Drip painting

From Wikipedia, the free encyclopedia
Jump to navigation Jump to search

Drip painting is a form of abstract art in which paint is dripped or poured on to the canvas. This style of action painting was experimented with in the first half of the twentieth century by such artists as Francis Picabia, André Masson and Max Ernst, who employed drip painting in his works The Bewildered Planet, and Young Man Intrigued by the Flight of a Non-Euclidean Fly (1942).[1] Ernst used the novel means of painting Lissajous figures by swinging a punctured bucket of paint over a horizontal canvas.[2]

Drip painting was however to find particular expression in the work of the mid-twentieth-century artists Janet Sobel and Jackson Pollock.[1] Pollock found drip painting to his liking; later using the technique almost exclusively, he would make use of such unconventional tools as sticks, hardened brushes and even basting syringes[3] to create large and energetic abstract works. Pollock used house or industrial paint to create his paintings—Pollock's wife Lee Krasner described his palette as "typically a can or two of … enamel, thinned to the point he wanted it, standing on the floor besides the rolled-out canvas" and that Pollock used Duco or Davoe and Reynolds brands of house paint.[4] House paint was less viscous than traditional tubes of oil paint, and Pollock thus created his large compositions horizontally to prevent his paint from running. His gestural lines create a unified overall pattern that allows the eye to travel from one of the canvases to the other and back again.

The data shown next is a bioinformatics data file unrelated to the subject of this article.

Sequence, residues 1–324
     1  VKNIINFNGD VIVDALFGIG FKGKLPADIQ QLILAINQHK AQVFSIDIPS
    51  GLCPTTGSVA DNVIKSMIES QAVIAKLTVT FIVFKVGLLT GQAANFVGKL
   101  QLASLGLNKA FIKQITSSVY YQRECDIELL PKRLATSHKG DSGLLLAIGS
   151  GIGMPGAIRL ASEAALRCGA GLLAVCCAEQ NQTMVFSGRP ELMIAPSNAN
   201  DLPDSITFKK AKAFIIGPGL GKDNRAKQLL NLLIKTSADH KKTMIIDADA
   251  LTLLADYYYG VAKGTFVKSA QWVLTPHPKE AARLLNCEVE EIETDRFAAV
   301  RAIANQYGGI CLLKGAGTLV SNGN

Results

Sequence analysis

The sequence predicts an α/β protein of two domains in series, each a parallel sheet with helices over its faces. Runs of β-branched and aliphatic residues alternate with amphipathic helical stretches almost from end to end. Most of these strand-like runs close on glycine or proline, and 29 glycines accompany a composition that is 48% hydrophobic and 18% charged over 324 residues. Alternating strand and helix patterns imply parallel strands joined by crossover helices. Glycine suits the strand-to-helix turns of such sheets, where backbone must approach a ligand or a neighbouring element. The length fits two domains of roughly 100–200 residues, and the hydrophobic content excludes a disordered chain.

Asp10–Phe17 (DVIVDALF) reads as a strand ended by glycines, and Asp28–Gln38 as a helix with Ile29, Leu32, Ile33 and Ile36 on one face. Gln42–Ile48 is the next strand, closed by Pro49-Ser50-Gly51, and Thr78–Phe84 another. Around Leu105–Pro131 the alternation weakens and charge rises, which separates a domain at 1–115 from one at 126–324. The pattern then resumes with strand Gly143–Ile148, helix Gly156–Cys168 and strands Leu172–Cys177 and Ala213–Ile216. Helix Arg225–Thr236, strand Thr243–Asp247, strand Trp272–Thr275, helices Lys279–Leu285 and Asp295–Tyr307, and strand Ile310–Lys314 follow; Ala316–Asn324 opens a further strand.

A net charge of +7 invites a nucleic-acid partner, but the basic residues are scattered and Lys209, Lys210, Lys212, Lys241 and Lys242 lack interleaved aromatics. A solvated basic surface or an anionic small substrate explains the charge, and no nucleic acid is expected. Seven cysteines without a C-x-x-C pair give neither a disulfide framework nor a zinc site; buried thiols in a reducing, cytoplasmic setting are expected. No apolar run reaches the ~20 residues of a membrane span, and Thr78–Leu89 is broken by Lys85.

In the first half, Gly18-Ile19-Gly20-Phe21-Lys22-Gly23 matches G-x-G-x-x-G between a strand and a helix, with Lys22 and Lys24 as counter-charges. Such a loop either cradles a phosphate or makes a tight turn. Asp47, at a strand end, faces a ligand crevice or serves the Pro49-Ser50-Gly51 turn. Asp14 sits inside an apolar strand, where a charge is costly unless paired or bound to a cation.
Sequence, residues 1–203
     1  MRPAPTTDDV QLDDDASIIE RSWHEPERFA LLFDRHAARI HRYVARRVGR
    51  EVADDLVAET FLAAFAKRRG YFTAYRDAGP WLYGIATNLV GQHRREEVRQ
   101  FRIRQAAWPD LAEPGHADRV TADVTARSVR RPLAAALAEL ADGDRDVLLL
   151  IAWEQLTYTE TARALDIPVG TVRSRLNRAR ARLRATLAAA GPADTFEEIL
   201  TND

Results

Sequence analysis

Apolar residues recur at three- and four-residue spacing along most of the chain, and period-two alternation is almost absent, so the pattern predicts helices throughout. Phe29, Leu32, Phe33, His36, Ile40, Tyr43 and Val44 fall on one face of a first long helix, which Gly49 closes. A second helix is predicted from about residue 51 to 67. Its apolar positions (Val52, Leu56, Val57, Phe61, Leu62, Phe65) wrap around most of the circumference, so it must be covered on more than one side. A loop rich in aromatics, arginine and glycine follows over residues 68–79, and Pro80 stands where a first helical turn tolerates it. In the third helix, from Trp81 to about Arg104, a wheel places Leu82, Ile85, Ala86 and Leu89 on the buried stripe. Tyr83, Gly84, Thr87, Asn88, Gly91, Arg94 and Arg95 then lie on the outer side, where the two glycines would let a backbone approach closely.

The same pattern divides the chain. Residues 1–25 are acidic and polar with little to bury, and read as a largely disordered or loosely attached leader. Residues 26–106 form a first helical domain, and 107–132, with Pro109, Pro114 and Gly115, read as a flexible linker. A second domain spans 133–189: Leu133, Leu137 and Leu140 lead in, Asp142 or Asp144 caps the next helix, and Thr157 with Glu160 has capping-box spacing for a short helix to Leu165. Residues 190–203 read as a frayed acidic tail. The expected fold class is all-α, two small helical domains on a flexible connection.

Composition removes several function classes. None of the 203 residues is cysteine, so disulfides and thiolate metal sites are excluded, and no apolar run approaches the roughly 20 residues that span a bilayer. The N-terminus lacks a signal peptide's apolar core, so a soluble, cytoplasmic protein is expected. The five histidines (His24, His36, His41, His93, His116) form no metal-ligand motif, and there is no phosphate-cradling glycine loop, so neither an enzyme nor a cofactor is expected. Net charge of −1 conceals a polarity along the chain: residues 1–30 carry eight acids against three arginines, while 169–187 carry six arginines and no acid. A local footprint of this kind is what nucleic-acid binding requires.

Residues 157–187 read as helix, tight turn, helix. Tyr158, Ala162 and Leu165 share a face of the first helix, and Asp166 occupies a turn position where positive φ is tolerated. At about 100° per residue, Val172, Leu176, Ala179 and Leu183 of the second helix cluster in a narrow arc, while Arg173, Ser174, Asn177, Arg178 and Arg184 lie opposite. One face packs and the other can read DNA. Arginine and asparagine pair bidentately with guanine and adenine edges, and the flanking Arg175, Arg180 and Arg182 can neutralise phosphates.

Sources for the drip technique include Navajo sandpainting. Sandpainting was also performed flat on the ground. Another source is the "underpainting" techniques of the Mexican muralists painters. The drip–splash marks made by mural painter David Alfaro Siqueiros allow him to work out his composition of a multitude of Mexican workers and heroes.

Contemporary artists who have used drip painting include Lynda Benglis, Norman Bluhm, Dan Christensen, Ian Davenport, Ronald Davis, Rodney Graham, John Hoyland, Ronnie Landfield, Zane Lewis, Joan Mitchell, Roxy Paine, Larry Poons, Pat Steir, Andre Thomkins, and Zevs.


  1. ^ a b Emmerling, Leonhard (2003). Jackson Pollock, 1912-1956. p. 63. ISBN 3-8228-2132-2.
  2. ^ King, M. (2002). "From Max Ernst to Ernst Mach: epistemology in art and science" (PDF). Retrieved 2009-08-11.
  3. ^ "Biography of Jackson Pollock". jackson-pollock.org. Retrieved September 12, 2015.
  4. ^ "An Interview with Lee Krasner Pollock by B.H.Friedman,". christies.com. Retrieved September 12, 2015.